Why You Need To Keep Declined Candidates Warm
What happens to the candidates you don’t hire? Are you letting still-ripening talent slip away? Here’s how to keep declined candidates warm.
Photo: Chad Stembridge via Unsplash
What happens to the candidates you don’t hire? The ones you screen out at some point in your recruitment process? Do their names get erased from the whiteboard and deleted from your email list, your applicant tracking system, and your memory? Do you let the candidates fall into a black hole?
You might be letting still-ripening talent slip right through your fingers.
Why were they screened out, again? Lack of experience? Not quite the level of skills the successful candidate possessed? The types of individuals who – with a little more development, a little more seasoning – might have won the role? Might one day be needed by your team?
Imagine you want to make a tomato sandwich (just humor me here for a second). You head out into your vegetable garden to find a big, red, ripe juicy tomato. It takes some searching, but you find one. Along the way, you also find quite a few rosy-cheeked but still mostly green and hard fruits.
Are you going to pick them off and throw them away, because they’re not ready right at this second? No, of course not. You’re going to keep checking in on them – tending to them, occasionally – until the day they’re ripe and ready to be sliced up into your sandwich.
So why do we throw away candidates?
What if, a few months after they were screened out of the recruitment process, you followed up with them?
Keeping in touch
You want to make an effort to keep in touch with any candidates passed an initial screening or assessment – folks who showed at least a hint of promise. Why? To keep an eye on how they’re progressing. Are they developing their skills? Do they have new, relevant experience? Have they achieved new successes, and learned valuable lessons from new failures? Are they still interested in a role with the company?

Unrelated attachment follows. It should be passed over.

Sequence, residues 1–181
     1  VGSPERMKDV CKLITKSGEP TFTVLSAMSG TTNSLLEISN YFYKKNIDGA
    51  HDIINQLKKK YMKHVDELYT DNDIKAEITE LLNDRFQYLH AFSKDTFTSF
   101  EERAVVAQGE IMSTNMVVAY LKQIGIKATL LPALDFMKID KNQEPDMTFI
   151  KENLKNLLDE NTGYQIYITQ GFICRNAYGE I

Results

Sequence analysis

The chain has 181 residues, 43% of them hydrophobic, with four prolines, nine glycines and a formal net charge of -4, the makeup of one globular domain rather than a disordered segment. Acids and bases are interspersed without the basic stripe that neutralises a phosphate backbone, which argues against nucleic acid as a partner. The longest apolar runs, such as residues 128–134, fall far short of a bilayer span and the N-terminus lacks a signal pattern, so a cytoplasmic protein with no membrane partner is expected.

The idea isn’t to recruit them right now. It’s just to keep them a little bit warm for when you do want them.
And yes, there is enough time in your busy day to think that far ahead. I get it: you know these not-quite ready candidates might one day be material for hire. But you just don’t have the time to keep on top of them. Right? Not necessarily true. With a little planning, and a little help from technology, keeping leads warm requires minimal thought, effort, and time.
How to keep not-yet-ready candidates warm
Immediately after a candidate is declined: Send them your feedback survey. Make sure to invite them to keep in touch.
3 months since they last heard from you: Send every declined candidate who passed at least one round of screening this email:
Subject: Checking in
<YOUR FIRST NAME> here – we interacted a few months ago about a role here at <COMPANY>.
I just wanted to check in and see how things are going?
Hope you’re well,
Note that we haven’t included any personal specifics about them – that’s so you can send this little baby out en-masse if you need to. Fast and easy.
If your ATS lets you schedule and automate emails using merge tags that personalize the content, well by all means, please use every time-and-effort-saving tool at your disposal.
When you receive a reply: Update your records with any pertinent new information. And of course, make sure to respond:
Glad to hear back from you!
… Sorry to hear you’re still searching – I know how stressful job hunting can be. Let me know if I can be of help at all in your search …
… I’m so happy to hear you’ve found a role – one that really sounds like it suits your skills and interests …
… I’m glad things are still going well at your job …
… Sorry to hear things aren’t going so well at your job. Let me know if I can be of any help at all …
Let’s keep in touch,
Now, immediately once you’ve sent that off, use Followup.cc or Boomerang for Gmail to schedule that email to come back to your inbox in six months time. Why? So you can check in with the candidate again, of course – brainlessly, and in a matter of seconds.
Don’t dismiss declined candidates
They’re not failures, they just weren’t the best choice for hire at a specific moment in time. Staying in contact shows them you and your company care. It differentiates you as a potential employer, builds a sustained, positive impression, and keeps the candidate warm until they are prepared to join your ranks. Or maybe until they refer their fantastically qualified colleague. If you tend to them regularly, you might not need to start from zero the next time you hire to fill a similar role.
About the author
Christian De Pape is Head of Marketing and Content at Recruiting Social. Connect with him on LinkedIn.
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